eNewsletter | May 22nd, 2017.

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This is a free weekly eNewsletter for Life Science Scientists. eScienceInfo has established itself as the leading provider of up-to-the-minute information for Scientists. Now, we're enhancing our services to better meet the needs of our readers. For years we've searched out the latest grants available and consolidated the information into one easy-to-read e-newsletter. Then we delivered it right to your inbox very Monday to save you the hundreds of hours that it would take to search out that information yourself.

Top Ten Things Grant Reviewers Won't Tell You

By Jeya Chelliah B.Vsc Ph.D

By evaluating the applications' technical and scientific merit, reviewers determine whether or not proposals will get funding. In their review summaries, they are required to provide arguments that justify their evaluation. Since reviewers are usually not allowed to provide helpful feedback for the purpose of improving an application, their feedback is somewhat limited. This makes it difficult for scientists to improve a rejected application. To increase your success rate, it is important to look at your grant application through the eyes of a reviewer. Some of the things reviewers usually don't share with applicants, but will help you to obtain funding for your research, will be discussed below.

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Why Burmese pythons may be the best way to study diabetes,heart disease and the protective effects of gastric-bypass surgery in humans.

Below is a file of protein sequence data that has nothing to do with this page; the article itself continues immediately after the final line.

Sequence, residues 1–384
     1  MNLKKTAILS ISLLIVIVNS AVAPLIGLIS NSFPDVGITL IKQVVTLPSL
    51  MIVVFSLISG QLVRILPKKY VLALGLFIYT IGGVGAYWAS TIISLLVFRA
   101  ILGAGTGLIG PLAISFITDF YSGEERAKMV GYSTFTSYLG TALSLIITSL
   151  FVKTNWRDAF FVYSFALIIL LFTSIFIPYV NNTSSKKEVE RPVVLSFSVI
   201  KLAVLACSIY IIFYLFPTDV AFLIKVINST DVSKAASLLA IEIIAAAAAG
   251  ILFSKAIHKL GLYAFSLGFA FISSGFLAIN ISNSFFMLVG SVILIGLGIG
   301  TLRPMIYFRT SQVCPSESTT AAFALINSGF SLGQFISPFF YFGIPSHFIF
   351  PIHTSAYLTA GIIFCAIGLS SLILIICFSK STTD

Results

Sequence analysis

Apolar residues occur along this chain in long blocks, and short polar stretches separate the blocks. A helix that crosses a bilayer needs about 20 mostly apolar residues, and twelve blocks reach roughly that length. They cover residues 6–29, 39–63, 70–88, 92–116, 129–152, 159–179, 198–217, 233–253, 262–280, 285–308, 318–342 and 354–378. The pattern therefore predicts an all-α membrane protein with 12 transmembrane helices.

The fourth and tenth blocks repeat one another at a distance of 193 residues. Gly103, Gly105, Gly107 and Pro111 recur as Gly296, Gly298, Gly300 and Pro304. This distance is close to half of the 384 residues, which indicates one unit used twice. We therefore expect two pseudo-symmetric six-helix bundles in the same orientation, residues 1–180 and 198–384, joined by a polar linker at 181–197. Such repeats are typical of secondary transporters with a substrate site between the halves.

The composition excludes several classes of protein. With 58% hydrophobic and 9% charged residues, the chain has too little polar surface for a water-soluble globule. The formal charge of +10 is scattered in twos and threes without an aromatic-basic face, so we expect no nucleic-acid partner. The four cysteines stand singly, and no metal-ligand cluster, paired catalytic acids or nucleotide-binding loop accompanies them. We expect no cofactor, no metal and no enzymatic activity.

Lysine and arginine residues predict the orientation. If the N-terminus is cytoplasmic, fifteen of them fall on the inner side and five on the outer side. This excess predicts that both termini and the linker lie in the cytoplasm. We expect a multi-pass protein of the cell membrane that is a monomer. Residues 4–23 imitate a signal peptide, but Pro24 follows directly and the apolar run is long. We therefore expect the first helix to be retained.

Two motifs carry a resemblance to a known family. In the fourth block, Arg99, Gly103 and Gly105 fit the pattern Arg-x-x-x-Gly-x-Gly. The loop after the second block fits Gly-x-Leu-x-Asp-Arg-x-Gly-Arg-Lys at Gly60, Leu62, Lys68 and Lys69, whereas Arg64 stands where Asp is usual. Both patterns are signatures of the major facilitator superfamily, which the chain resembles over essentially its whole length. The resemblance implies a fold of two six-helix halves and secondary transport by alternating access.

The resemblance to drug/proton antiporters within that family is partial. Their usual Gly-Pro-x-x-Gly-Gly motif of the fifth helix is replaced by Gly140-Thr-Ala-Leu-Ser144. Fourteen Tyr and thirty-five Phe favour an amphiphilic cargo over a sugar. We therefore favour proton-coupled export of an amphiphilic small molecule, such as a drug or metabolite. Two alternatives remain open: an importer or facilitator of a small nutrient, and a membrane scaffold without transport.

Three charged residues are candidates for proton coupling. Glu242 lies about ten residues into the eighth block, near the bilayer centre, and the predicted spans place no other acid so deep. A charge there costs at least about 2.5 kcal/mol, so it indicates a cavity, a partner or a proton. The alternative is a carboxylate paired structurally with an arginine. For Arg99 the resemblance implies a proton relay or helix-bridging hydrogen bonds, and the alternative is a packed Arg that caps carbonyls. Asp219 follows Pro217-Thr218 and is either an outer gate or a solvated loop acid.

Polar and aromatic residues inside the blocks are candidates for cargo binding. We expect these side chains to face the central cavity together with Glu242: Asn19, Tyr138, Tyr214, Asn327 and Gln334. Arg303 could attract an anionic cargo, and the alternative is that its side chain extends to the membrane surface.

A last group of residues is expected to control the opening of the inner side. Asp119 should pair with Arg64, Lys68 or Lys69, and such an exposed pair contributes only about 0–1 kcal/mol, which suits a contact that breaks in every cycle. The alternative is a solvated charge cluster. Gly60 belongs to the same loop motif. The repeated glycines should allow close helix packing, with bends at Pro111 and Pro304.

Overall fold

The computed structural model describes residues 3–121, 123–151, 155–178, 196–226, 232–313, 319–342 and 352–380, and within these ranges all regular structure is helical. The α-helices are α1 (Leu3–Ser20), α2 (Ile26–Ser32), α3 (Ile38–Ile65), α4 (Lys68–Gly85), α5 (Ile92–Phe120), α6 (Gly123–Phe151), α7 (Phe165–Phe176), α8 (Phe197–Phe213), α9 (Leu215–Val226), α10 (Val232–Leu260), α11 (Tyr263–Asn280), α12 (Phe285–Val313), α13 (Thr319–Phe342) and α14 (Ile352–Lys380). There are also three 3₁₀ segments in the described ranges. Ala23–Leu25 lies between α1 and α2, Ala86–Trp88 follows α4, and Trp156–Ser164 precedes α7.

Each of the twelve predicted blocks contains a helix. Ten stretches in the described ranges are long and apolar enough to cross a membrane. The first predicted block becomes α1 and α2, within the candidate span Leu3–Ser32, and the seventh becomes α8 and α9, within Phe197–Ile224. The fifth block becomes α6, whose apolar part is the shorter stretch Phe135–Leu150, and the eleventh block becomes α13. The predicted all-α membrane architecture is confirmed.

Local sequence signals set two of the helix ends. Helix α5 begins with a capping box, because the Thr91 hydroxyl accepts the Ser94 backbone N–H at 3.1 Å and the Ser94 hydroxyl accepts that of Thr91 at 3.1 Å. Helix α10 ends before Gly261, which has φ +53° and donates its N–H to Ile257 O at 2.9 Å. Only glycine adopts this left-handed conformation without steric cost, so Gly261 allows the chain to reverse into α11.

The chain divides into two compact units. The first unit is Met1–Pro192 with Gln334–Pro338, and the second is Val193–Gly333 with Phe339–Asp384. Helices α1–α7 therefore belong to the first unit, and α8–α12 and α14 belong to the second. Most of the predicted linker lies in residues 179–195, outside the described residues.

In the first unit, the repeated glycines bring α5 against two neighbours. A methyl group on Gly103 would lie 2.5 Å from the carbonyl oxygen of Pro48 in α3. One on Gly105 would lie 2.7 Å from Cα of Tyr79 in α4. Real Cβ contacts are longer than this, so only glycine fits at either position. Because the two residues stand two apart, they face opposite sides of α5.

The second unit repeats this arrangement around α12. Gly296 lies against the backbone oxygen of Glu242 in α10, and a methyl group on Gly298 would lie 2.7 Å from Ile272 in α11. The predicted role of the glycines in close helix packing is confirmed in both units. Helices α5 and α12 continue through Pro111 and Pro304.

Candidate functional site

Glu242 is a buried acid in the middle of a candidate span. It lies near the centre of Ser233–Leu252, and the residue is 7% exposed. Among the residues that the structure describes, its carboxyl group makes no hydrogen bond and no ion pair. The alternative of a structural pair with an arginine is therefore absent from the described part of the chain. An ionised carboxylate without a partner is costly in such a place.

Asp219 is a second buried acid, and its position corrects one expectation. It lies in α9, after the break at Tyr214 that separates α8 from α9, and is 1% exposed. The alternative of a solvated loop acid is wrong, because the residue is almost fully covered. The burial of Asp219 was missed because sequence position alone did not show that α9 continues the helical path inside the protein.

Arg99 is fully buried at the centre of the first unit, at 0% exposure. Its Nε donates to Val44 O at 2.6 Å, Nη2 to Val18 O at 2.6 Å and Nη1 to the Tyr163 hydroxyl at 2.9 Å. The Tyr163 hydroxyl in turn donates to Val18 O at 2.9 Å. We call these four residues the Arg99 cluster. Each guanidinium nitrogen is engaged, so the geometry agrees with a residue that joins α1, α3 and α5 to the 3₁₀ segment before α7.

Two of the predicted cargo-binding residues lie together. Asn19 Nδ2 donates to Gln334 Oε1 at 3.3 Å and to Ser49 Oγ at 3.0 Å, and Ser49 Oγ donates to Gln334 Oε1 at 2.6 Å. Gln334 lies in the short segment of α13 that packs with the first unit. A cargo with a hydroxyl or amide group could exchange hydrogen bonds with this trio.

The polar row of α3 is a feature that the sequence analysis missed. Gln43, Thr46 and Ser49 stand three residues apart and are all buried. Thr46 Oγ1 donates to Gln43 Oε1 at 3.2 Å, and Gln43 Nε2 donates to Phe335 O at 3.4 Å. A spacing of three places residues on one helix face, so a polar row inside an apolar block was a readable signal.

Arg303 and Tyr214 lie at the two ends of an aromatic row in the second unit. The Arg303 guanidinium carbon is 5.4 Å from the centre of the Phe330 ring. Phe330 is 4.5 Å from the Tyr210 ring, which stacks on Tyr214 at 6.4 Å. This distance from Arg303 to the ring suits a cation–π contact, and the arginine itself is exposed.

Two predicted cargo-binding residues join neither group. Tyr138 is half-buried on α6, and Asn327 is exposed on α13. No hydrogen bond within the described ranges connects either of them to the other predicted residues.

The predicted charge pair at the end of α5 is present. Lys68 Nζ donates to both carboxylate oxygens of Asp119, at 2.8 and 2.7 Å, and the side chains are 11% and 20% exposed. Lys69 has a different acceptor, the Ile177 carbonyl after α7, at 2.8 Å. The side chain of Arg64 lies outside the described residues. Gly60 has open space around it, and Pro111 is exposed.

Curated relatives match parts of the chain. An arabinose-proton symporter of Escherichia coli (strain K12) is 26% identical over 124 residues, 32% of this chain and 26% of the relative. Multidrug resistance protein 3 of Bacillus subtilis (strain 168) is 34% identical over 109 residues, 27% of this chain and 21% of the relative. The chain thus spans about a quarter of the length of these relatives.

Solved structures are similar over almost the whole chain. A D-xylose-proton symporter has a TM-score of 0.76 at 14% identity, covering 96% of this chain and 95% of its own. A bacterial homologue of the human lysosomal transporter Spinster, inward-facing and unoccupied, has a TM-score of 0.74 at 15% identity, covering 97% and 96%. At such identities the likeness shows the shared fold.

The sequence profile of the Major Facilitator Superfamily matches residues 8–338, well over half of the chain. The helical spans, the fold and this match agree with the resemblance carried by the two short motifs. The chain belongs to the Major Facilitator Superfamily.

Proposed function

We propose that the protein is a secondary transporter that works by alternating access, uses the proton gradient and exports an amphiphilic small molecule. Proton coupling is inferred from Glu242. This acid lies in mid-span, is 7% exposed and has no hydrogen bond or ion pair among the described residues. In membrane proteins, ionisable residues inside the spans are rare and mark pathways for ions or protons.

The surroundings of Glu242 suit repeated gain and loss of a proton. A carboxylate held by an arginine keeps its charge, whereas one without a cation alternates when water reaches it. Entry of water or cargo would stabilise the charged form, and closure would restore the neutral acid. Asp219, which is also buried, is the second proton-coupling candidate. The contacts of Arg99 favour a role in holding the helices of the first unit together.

It was the late fall of 2012, and Choudhary, then a postdoctoral fellow at Harvard University, had become interested in the Burmese python on account of its extraordinary physiology. The animal is essentially a slithering digestive tract: In the wild, it often spends a month or two in silent ambush; then, when the moment is right, it wraps its coils around a monkey, a pig, an antelope and swallows its prey head first. A single meal for a full-grown python may contain more than 50,000 calories, a tidal wave of nutrients and fatty acids that could be deadly to another species. But the python has adapted to the overload. For the week or so that follows feeding, its body turns into an engine of digestion: Its intestine thickens; its liver and kidneys nearly double in mass; its insulin level shoots up; its temperature increases by six degrees Fahrenheit; its pulse triples; and its metabolism jumps. Once all the food has been absorbed, the python’s organs shrink back to their quiescent state.

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This award will be given to an investigator in the field of:

“Environmental and climatic changes: impacts on Human Heal

The Award will honor an investigator under fifty years old who has made outstanding contributions to the field. The honoree will receive a 40,000 Euros award for his team. Candidates from all relevant disciplines (ecological, biomedical, and social sciences) are invited to submit their applications, which will be evaluated by a Jury of renowned scientific experts.

Deadline for applications : June 30th, 2017

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Science & SciLifeLab Prize for Young Scientists

This Prize was created to recognize that global economic health is dependent upon a vibrant research community and we need to encourage our best and brightest to continue in their chosen fields of research..

Application deadline: July 15, 2017

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